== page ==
Do Not Covet What Thy Facebook Friends Have, and Other Points to Ponder

May 29, 2019

Do not covet what thy Facebook friends have

“Spending is not the enemy, but when we allow social pressure or other forces to lure us into spending beyond our means, it can impact long-term financial stability and become a larger problem.”

– Terri Kallsen, executive vice president and head of Schwab investor services, commenting on her company’s most recent Modern Wealth Survey. The study found that 35% adults believe social media has a bad influence on how they manage money. Read more

The year of jubilee

“On behalf of the eight generations of my family that have been in this country, we’re gonna put a little fuel in your bus.”

– Robert F. Smith, founder of venture capital firm Vista Equity Partners, telling this year’s graduating class of Morehouse College that he would pay off all of their student loans. Estimated cost? $40 million. Read more

Less today, more tomorrow

“The whole process of investing involves putting off consumption now for consumption later. The ability to wait...can help keep you out of credit card debt, compound your money for future use, and give you a margin of safety when things inevitably go wrong.”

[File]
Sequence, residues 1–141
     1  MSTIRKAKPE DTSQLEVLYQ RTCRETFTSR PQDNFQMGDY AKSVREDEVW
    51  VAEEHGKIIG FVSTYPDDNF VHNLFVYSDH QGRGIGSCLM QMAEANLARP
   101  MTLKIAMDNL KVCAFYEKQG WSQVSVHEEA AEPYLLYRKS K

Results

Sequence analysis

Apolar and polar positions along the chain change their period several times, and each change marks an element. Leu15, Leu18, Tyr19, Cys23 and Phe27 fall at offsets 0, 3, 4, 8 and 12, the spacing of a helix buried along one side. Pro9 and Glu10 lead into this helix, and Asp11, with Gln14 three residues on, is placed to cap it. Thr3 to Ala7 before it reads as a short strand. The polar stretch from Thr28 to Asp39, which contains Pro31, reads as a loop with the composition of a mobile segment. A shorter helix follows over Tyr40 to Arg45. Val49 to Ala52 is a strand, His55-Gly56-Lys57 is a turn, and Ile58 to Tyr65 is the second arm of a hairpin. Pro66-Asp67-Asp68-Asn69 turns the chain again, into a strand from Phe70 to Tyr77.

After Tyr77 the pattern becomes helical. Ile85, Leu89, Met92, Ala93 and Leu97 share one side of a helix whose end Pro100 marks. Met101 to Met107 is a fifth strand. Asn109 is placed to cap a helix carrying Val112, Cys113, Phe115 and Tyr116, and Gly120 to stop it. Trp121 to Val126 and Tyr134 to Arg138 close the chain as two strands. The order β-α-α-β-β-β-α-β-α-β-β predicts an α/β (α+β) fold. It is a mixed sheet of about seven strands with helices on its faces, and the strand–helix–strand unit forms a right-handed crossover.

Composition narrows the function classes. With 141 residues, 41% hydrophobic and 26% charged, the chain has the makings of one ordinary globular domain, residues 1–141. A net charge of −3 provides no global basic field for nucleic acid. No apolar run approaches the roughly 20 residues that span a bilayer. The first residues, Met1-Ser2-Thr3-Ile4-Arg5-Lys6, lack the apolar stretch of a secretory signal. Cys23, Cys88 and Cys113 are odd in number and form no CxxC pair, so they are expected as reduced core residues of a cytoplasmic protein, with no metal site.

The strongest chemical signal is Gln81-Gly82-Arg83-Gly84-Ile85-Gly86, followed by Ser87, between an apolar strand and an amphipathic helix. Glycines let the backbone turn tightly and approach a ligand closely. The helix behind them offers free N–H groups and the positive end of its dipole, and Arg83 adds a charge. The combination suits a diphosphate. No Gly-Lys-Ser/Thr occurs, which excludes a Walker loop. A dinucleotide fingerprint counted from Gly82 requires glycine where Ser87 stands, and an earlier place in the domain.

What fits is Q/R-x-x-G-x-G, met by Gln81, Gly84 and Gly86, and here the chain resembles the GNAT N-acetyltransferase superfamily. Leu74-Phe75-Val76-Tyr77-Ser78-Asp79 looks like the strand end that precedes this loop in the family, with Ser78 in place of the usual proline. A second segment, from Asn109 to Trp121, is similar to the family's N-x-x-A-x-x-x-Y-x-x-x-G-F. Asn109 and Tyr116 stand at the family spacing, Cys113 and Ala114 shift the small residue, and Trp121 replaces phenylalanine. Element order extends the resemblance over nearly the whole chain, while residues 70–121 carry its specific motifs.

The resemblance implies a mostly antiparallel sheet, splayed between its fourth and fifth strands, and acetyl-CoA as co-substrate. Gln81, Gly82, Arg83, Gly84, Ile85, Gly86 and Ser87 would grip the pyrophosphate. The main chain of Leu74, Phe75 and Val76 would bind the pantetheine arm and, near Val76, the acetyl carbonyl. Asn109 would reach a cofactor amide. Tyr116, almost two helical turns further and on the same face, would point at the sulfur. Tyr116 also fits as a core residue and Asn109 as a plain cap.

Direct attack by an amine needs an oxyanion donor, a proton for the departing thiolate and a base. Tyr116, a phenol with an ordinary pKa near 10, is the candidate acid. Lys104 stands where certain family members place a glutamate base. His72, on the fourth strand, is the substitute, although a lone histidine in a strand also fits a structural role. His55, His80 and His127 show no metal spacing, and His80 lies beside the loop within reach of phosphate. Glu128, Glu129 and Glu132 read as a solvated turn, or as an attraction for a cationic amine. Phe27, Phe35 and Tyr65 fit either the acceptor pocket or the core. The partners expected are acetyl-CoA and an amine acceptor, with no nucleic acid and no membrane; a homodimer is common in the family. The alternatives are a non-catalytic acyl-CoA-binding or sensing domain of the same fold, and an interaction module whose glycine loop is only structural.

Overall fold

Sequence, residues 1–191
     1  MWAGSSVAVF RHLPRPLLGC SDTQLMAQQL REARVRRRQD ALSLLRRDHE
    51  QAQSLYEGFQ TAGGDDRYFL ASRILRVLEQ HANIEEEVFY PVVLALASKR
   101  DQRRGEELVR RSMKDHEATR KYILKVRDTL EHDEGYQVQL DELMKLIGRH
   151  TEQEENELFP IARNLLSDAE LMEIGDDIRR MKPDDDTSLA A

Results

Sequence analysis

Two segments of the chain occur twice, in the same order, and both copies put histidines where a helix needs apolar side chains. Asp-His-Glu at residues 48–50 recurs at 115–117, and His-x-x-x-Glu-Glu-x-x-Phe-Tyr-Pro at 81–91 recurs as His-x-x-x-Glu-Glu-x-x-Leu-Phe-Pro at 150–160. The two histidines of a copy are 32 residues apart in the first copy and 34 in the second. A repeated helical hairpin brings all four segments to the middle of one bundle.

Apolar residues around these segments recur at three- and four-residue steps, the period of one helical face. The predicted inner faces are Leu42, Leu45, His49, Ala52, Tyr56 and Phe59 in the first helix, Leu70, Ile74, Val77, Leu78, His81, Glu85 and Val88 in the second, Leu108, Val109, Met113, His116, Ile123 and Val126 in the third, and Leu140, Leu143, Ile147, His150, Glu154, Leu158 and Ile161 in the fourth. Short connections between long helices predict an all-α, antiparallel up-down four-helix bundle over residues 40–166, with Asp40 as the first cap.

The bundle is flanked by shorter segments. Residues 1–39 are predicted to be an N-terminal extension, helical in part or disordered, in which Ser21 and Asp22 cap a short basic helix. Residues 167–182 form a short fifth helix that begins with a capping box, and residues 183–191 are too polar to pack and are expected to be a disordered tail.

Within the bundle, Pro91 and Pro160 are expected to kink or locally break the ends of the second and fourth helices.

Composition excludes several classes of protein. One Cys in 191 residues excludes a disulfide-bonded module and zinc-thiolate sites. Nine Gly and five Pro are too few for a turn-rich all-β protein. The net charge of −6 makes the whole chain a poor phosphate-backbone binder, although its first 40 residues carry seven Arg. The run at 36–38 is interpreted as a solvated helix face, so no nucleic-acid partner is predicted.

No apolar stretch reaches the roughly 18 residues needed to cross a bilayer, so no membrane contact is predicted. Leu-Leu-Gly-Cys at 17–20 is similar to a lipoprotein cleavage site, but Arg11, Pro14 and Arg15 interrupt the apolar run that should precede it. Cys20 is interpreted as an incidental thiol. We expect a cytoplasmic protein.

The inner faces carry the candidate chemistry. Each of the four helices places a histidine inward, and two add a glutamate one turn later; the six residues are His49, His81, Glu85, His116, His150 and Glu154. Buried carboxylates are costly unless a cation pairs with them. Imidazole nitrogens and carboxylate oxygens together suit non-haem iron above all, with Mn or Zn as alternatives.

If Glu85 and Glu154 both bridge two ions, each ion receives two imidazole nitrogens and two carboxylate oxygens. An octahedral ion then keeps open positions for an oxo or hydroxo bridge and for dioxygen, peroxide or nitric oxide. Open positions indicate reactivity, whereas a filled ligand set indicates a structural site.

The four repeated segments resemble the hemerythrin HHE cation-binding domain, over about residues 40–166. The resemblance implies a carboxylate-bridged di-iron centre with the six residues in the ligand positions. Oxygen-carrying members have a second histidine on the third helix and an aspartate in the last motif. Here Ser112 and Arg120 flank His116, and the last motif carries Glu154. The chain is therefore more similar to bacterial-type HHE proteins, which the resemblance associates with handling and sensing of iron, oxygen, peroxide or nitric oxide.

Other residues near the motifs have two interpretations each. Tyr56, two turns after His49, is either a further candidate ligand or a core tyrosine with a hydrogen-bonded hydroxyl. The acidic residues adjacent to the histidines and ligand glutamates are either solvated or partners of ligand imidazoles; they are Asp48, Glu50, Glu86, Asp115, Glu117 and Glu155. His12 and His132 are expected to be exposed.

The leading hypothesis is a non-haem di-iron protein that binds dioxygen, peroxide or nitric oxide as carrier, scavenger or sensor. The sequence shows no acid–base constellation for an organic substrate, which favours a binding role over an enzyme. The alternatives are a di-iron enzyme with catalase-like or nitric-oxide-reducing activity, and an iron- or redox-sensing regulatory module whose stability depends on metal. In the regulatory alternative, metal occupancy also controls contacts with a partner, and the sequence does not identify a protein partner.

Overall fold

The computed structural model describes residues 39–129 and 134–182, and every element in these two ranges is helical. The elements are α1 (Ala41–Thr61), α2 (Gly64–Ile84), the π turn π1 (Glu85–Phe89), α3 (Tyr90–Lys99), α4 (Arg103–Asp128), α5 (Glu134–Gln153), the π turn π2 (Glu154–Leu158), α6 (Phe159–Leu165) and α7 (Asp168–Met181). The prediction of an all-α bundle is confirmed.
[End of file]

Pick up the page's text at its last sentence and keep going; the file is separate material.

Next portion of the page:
– Ben Carlson, blogger at A Wealth of Common Sense, writing on 5/9/19 about the importance of delayed gratification, one of 10 “financial superpowers” he identified. Read about the other nine

What keeps us up at night

Americans’ top personal finance concerns? Not having enough money for retirement (54% are somewhat or very concerned about that) and not being able to pay medical costs in the event of a serious illness or accident (51%).

– Gallup poll from the first quarter of 2019. Read more

What do you want?

“People seem to reliably seek out a few things that make them unhappy.”

– Bloomberg columnist Noah Smith, writing on 5/1/19 about the frequent disconnect between what economists call “utility”—how much people want something—and the degree to which what they want makes them happy. Read more

Written by

Matt Bell

Matt Bell

Matt Bell is Sound Mind Investing's Managing Editor. He is the author of five biblical money management books and the teacher or co-teacher on three video-based small group resources. His latest book, Trusted: Preparing Your Kids for a Lifetime of God-Honoring Money Management, will be published by Focus on the Family and its publishing partner, Tyndale House, in April 2023. Matt has spoken at churches, universities, and conferences throughout the country and has been quoted in USA TODAY, U.S. News & World Report, and many other media outlets.